Elsewhere in the state, parts of Suffolk County reported lines of around an hour and a half. Poll workers blamed the number of districts voting at those locations, and two registration stations were also down due to a lack of paper. Still, the majority of polling sites did not report longer than usual lines or any major problems.

In New Jersey, some polling sites bought in members of the state's National Guard to help count ballots as a way of preventing delays or problems. But similar to New York, there were few issues reported. There were multiple locations, like those in Fort Lee and Paramus, that said at any given time throughout the day, there were more poll workers than voters present.

There were some longer delays reported in Connecticut, which did not have early voting (but the state said that nearly half of voters planned on doing mail-in or absentee ballots). Polling sites in Stamford and Hartford reported lines that took as long as two hours, but many areas throughout the state did not face the same problems.

Professor James Sample of Hofstra University answers frequently asked questions voters want to know on this Election Day.

Officials say the recent election reforms and the swath of mail-in and early ballots may have helped contribute to a smoother Election Day. But they've also sown confusion.

Already this year, early voters waited in polling lines several hours long and an estimated 100,000 New York City voters were sent absentee ballots with the wrong names and addresses printed on the return envelopes. The city's Board of Elections said it would automatically mail affected voters corrected absentee ballot packets with instructions.

Election reforms approved last year allowed for more than 2.5 million registered New Yorkers to vote early. According to the state Board of Elections, another million absentee ballots were also returned by Monday. New York doesn't open those until a week after Election Day, so some key local race results likely won't be finalized for a number of days.

It's not yet clear if the major differences of this year's vote - higher than normal absentee voters and first-time early voting in a presidential race - will smooth or further stress the system. Polls in New York close at 9 p.m. Tuesday; anyone in line at that time will vote. Any ballots postmarked by Tuesday will be counted.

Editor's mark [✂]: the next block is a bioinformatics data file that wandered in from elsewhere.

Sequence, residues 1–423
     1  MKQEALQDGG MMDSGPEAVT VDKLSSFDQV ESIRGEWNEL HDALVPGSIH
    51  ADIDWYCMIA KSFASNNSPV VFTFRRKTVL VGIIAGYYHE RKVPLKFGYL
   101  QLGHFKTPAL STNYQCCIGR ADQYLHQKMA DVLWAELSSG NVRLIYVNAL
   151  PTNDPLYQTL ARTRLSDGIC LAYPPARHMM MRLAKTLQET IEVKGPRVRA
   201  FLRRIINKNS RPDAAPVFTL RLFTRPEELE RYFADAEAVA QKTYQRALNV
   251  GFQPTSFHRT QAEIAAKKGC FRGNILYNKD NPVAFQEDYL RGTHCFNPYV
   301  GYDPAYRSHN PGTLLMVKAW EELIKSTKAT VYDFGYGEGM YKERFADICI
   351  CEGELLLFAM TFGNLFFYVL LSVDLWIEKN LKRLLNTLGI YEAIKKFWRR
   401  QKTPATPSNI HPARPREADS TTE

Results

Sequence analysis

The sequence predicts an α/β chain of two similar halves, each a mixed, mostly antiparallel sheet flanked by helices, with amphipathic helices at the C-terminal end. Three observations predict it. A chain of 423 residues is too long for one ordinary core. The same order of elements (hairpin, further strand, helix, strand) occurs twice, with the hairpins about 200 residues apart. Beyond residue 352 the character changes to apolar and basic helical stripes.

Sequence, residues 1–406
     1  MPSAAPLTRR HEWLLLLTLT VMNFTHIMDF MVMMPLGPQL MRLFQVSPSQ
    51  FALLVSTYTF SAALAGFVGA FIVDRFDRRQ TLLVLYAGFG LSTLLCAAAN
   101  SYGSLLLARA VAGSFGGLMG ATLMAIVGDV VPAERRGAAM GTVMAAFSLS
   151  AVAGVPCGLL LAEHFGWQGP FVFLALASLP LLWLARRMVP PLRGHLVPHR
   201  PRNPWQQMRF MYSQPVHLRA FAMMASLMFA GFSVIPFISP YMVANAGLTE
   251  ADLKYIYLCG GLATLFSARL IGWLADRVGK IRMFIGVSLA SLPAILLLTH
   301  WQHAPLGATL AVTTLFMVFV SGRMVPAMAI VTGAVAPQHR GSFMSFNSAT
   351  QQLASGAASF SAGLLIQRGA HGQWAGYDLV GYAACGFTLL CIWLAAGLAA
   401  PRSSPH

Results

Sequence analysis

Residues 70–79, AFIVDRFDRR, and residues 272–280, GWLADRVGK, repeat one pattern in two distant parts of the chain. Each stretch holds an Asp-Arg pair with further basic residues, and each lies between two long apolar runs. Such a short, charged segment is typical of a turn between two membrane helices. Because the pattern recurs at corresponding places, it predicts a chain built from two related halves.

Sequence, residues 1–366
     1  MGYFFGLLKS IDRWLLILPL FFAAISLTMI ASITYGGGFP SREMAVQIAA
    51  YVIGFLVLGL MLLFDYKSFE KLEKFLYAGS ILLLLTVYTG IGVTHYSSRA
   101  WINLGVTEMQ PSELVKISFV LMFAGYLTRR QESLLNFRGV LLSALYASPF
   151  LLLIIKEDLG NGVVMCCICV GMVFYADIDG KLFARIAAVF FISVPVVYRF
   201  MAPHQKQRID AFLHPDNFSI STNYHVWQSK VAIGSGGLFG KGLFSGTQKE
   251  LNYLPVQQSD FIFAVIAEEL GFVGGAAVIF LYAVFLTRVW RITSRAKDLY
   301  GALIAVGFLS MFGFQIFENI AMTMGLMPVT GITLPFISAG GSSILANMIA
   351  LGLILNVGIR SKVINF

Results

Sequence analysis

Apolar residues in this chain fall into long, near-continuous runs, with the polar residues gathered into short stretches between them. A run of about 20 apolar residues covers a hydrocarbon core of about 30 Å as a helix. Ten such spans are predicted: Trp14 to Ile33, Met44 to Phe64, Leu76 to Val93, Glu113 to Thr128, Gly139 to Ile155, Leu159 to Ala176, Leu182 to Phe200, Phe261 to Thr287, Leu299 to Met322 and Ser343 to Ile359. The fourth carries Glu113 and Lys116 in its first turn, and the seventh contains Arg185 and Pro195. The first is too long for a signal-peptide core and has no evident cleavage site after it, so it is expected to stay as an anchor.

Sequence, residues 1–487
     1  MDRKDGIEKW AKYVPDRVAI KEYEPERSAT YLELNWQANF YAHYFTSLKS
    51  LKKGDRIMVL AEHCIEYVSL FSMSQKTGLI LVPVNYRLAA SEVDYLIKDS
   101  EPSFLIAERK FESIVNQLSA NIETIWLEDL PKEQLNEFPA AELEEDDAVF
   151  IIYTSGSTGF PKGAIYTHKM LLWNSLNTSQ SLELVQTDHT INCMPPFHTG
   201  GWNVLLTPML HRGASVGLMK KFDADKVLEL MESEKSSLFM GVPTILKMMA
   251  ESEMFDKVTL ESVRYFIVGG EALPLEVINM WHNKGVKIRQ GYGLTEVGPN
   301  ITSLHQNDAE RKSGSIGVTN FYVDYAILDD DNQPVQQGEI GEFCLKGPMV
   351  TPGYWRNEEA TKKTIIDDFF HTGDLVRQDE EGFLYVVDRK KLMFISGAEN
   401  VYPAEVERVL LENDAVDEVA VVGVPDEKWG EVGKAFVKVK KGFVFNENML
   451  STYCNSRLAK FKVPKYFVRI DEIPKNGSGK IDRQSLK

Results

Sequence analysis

Phil Lipof reports.

The deadline for registered New Jersey voters to return absentee ballots is 8 p.m. Tuesday, the same time in-person polling locations close.

On Monday, Gov. Phil Murphy said he felt the hybrid of mail-in and in-person voting was working well for New Jersey. While most voted by mail, he said each of the state's 21 counties had been asked to have at least 50 percent in-person capacity available and at least one location to accommodate voter preferences.

While lines seemed to be shorter in New York City, many voters on Long Island found wait times longer than an hour. Pei-Sze Cheng reports.

"It has been smooth and I expect it will continue to be," Murphy said Monday. "I am extremely confident that we have our county clerks and local election officials at the ready. I do not expect any intimidation."

In addition to state and local safeguards on Election Day, the U.S. Department of Justice said it would have federal personnel from the Civil Rights Division in two New Jersey counties - Bergen and Middlesex - to "monitor for compliance with the federal voting rights laws."

Over in Connecticut, election officials have urged voters to get their absentee ballots turned in as soon as possible. All ballots must be returned to drop boxes or polling sites by 8 p.m. Tuesday, regardless of any postmark date.

As of Monday, the Secretary of the State's Office said more than 600,000 people have already returned their absentee ballot in Connecticut. Connecticut voters can check their registration status or see if their absentee ballot has been delivered online at